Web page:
[cryptography] HMAC over messages digest vs messages

Leandro Meiners lmeiners at gmail.com
Wed Nov 2 15:59:01 EDT 2011


I thought of that, but I could not convince myself because it seems to
depend on the particular application.

For example, lets assume the following scenario: m is a message that it
authenticated by the HMAC.

For example, in the HMAC(HASH(m)) scenario, you might find a collision,
however it might be gibberish and therefore useless. However, it might
be that m lacks structure so that HMAC(m) might be the valid signature
for two different messages m1 and m2 that both give the same m to be
signed. In this case, the HMAC(HASH(m)) could save you from such a
situation.

Nevertheless, I am not sure of how to factor this into the reasoning as
there are probably cases where an example can be found the other way around.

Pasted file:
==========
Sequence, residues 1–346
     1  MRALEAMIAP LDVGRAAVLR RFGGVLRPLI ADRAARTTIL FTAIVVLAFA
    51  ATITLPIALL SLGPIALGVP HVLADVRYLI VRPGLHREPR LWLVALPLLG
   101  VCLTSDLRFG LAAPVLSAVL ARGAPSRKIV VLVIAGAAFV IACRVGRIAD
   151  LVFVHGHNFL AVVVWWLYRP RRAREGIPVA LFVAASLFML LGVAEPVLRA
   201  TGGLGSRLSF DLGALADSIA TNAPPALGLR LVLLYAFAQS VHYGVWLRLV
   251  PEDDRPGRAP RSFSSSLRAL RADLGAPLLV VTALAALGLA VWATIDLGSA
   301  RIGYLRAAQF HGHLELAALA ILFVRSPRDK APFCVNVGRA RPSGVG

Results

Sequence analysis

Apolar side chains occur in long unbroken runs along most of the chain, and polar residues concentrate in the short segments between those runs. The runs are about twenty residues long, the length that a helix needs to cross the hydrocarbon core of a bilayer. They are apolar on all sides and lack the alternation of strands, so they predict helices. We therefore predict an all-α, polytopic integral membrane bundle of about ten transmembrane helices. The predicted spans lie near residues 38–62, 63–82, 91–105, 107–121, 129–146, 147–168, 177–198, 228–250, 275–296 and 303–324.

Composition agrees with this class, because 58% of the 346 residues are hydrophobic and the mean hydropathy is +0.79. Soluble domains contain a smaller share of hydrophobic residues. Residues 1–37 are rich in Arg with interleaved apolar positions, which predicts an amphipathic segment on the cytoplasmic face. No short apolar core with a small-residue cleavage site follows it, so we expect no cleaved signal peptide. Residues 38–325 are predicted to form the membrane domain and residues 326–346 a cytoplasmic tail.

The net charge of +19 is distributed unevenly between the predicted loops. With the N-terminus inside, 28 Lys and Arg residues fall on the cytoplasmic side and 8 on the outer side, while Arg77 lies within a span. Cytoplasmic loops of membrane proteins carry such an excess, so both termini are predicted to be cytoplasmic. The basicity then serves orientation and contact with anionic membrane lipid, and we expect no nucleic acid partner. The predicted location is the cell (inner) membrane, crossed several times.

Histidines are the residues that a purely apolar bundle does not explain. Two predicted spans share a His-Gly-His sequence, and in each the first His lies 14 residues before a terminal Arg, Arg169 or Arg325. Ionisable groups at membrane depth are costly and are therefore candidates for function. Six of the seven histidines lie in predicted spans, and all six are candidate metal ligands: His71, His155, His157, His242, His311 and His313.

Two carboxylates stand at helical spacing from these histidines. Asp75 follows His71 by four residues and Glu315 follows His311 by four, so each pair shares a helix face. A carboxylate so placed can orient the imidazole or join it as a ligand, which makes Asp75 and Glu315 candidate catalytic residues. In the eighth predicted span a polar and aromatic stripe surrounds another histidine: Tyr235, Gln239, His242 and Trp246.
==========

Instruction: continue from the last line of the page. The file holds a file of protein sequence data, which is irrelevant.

Am I making any sense?

Thanks,
Leandro.-



On 11/02/2011 04:33 PM, Jack Lloyd wrote:
> On Wed, Nov 02, 2011 at 04:25:30PM -0300, Leandro Meiners wrote:
>> Hi List!
>>
>> I was wondering if anybody could give me some pointers as to papers or
>> books that discuss the advantages/disadvantages of computing an HMAC of
>> a message versus previously computing a hash of the message and then
>> calculating the HMAC of the hash.
>> My initial thoughts are that there isn't any additional security
>> provided by either method.
> 
> It seems like it would be harder (or at least not easier) to find a
> collision or preimage for HMAC with an unknown key than a collision or
> preimage for an unkeyed hash, so using HMAC(H(m)) allows for an avenue
> of attack that HMAC(m) would not, namely finding an inner collision
> (or preimage) on H.
> 
> Consider, for instance attacking HMAC-MD5(m) vs HMAC-MD5(MD5(m)).
> 
> -Jack
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-- 
Leandro Federico Meiners



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